Exercise more beneficial on an empty stomach, research shows

Exercising before breakfast is better for you than exercising afterwards according to new research by scientists at the University of Glasgow.

Dr Jason Gill and Nor Farah of the Institute of Cardiovascular and Medical Sciences conducted a study to compare the effects of performed before and after breakfast on fat loss and metabolic health.

Ten overweight men who were not regular exercisers took part in the study. Each man underwent three trials, 1-2 weeks apart, involving performing no exercise then eating breakfast; walking briskly for 60 minutes before eating breakfast; or doing the same walk after eating breakfast.

Participants were given lunch three-and-a-half hours after breakfast and the amount of fat their body burned, and the levels of fat, sugars and in the blood were measured over an eight-and-a-half hour period on each occasion.

Over the course of the day with no exercise the men were left with an average of 49kcal unburnt fat while exercising after breakfast burned 216kcal more of fat on average than the control trial and 298kcal more than the control group when exercising before breakfast.

The results indicated that both timings of exercise increased over the day and improved the in the blood. But, exercise before breakfast resulted in greater fat loss and larger reductions in the level of fat in the blood.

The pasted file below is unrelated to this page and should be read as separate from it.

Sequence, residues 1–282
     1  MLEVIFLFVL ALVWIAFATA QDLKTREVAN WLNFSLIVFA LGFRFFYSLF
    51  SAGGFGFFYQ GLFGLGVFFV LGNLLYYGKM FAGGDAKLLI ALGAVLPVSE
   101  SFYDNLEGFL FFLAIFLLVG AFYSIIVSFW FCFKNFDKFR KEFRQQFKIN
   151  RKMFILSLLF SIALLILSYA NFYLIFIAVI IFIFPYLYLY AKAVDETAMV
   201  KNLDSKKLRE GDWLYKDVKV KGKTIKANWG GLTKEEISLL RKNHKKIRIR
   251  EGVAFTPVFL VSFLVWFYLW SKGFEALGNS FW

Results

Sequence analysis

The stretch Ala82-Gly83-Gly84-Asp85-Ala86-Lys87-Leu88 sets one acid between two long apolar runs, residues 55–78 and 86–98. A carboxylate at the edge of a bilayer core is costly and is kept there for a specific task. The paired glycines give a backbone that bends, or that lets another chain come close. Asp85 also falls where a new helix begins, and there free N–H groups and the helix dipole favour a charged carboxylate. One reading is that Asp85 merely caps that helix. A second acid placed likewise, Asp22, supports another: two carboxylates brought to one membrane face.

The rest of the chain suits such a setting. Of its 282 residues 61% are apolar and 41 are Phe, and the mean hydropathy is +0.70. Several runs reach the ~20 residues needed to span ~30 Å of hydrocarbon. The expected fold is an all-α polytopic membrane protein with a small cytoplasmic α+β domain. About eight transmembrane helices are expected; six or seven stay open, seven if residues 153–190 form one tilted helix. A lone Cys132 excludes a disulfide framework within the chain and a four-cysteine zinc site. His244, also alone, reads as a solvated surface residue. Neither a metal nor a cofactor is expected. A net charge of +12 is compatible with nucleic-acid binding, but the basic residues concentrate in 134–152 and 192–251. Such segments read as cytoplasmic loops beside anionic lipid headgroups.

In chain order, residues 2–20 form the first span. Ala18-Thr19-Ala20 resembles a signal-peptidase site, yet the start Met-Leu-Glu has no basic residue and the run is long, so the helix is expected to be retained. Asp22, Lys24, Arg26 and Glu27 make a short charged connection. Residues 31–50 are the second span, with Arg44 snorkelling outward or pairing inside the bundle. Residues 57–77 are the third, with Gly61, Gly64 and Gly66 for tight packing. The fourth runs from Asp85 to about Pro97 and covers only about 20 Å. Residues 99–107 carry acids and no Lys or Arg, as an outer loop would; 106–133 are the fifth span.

Dr Gill said "Any exercise you do is beneficial, but the indications are that there might be an extra benefit associated with exercising before eating, compared to after. However, further study is needed to determine whether the present findings extend over the long term.

"In the end, we would like to encourage everyone to do some form of exercise everyday – the difference between exercising before compared to after breakfast was much smaller than the difference between exercising at either time compared to not exercising at all."

The research paper, 'Effects of exercise before or after meal on balance and postprandial metabolism in overweight men' is published in the latest edition of the British Journal of Nutrition.

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